“Our schools are not factories, our teachers are not assembly line workers, our kids are not widgets coming off those lines,” Liu said. “My plan is to achieve a system focused on learning, not test-taking.”
There were other moments when the focus veered toward broader issues in education, particularly on the subject of charter schools. Erick Salgado, the evangelical minister, pronounced himself a fan, declaring that “Parents should have a choice for their children."
George McDonald reminded listeners that “charter schools are New York City public schools” and urged leaders and policymakers to “learn lessons from all the creativity going on in school system.” He also called for the next mayor to “burst the bubble of animosity between the teachers union and the mayor.”
Other candidates advocated proposals that were not about the arts but which, they argued, would have a positive, if indirect effect on access to arts education. Salgado and Catsimatidis (a businessman) and Salgado both called for expansion of vocational and technical training, but said students in those programs should also have access to arts.
De Blasio, meanwhile, pointed to his proposal to fund early childhood education through a new tax on the wealthy. Afterschool programs, de Blasio said, are “a place where we can fundamentally reintroduce arts into the school system.”
On the separate question of city support for arts groups, candidates were asked to endorse a proposal to bring funding levels for culture non-profits to one percent of the city’s budget, which would roughly quadruple it from its current level of $150 million.
Many agreed with the spirit of the idea, but only one, minister Erick Salgado, endorsed the proposal outright, while entrepreneur Jack Hidary said, “I think we can get there,” through a greater use of public-private partnerships.
Among the major candidates, Quinn said funding levels could only be determined “in a budget context, not a political context.” She said she was proud that the City Council had fought to preserve cultural funding each year, but that it was now time to “put the arts on the offensive,” recognizing the role culture plays as an economic engine in the city.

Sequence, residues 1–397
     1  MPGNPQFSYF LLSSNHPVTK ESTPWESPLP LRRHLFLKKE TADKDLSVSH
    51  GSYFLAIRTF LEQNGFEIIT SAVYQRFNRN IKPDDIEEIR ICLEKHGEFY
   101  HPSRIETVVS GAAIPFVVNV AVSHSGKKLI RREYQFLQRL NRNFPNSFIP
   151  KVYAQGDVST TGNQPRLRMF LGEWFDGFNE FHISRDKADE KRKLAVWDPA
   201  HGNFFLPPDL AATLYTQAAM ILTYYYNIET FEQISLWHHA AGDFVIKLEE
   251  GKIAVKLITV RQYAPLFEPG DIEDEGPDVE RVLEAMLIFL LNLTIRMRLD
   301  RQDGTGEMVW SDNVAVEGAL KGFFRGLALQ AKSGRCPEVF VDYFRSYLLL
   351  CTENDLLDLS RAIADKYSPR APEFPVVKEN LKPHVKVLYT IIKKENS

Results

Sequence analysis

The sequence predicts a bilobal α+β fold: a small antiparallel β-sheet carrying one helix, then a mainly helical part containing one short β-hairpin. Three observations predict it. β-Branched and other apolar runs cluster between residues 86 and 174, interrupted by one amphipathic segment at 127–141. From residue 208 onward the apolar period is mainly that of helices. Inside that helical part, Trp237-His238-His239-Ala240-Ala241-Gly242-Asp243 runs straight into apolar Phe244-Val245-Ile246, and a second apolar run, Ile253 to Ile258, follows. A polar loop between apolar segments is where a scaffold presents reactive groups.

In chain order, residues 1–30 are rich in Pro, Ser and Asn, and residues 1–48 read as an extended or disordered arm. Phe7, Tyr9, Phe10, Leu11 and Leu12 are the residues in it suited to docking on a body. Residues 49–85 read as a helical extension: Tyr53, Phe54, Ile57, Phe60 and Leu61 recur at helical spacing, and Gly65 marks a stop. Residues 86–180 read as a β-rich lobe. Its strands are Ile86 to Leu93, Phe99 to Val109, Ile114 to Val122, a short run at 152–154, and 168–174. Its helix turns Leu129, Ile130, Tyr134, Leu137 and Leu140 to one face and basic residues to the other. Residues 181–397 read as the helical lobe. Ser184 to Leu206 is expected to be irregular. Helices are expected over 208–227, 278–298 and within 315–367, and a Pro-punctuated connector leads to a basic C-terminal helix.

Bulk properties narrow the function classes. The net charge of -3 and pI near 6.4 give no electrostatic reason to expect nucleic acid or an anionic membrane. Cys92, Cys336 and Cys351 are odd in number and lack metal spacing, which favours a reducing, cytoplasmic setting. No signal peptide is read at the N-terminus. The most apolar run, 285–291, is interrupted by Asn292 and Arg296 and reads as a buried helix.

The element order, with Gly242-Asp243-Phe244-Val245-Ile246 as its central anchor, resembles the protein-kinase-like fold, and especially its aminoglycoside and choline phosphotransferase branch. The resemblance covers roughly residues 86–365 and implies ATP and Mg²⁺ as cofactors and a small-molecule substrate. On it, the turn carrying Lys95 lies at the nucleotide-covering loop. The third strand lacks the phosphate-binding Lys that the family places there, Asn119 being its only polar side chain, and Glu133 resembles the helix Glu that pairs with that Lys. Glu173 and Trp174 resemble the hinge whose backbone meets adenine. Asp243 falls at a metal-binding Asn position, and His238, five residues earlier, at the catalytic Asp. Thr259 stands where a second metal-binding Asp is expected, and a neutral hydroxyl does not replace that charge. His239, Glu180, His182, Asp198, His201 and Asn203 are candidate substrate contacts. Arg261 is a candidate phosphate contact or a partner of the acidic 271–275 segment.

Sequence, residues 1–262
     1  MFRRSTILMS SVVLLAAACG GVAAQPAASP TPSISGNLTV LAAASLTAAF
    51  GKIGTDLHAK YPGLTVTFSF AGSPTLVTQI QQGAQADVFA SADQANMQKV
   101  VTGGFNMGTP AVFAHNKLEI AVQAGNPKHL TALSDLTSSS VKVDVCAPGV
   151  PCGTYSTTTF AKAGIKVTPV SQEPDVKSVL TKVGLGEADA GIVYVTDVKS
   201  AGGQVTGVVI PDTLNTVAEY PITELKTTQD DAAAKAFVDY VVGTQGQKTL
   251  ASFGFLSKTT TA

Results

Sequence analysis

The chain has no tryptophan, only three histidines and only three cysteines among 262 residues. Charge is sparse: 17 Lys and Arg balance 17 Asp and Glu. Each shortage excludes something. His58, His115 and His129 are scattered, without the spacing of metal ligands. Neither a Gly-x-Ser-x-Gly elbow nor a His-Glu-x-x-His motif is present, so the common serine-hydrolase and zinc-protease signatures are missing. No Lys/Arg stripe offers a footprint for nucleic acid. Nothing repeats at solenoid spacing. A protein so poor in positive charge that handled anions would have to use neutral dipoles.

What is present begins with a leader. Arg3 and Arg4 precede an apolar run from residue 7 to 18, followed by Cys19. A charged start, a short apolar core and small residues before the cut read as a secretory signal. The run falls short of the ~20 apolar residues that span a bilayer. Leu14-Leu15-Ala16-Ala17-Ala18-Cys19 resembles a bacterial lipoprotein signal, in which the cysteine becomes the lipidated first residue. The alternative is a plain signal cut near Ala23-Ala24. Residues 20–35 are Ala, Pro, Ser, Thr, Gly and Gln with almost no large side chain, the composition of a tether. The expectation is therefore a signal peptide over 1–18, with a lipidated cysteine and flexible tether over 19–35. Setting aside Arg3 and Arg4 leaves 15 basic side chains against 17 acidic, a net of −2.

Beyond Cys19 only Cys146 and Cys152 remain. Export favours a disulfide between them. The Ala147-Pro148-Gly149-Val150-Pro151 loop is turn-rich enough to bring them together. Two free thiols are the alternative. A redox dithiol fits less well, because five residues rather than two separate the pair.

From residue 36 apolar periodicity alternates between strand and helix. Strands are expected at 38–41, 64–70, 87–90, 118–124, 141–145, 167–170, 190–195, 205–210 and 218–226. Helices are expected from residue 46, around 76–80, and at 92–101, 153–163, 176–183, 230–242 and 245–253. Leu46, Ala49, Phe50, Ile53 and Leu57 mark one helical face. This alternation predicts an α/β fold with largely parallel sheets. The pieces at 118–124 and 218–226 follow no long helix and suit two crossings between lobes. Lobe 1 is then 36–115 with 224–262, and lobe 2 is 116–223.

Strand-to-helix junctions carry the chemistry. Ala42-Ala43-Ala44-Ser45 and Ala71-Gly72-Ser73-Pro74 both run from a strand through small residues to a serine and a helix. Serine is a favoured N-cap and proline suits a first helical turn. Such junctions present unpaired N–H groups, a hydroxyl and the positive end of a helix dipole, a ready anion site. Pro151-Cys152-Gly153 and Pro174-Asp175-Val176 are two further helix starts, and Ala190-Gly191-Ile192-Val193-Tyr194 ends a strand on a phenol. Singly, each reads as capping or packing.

De Blasio, too, warned that the city’s fiscal situation is complex, especially given that its major labor contracts are all open right now. Increased cultural funding, he said, was an important goal, but “we have to differentiate the aspirational piece from the next year or two.” At the same time, de Blasio said, his affordable housing initiative would have an immediate benefit for artists living in the city.
Thompson also struck a cautionary note, while pointing out that whatever funding increases are possible should include smaller cultural organizations spread across the five boroughs – a point echoed by Liu, who highlighted newer cultural groups and those that serve immigrant communities.
Among other initiatives that candidates argued would benefit arts funding, former Cty Council member Sal Albanese advocated for reform of the city’s pension funds, and Green Party candidate Tony Gronowicz stressed a Wall Street transaction tax.
Other candidates addressing the forum included Randy Credico, Abbey Laurel-Smith and Ceceilia Berkowitz. Seven candidates currently in the race, among them Adolfo Carrion and Anthony Weiner, did not attend.
Published Friday, Aug. 2, 2013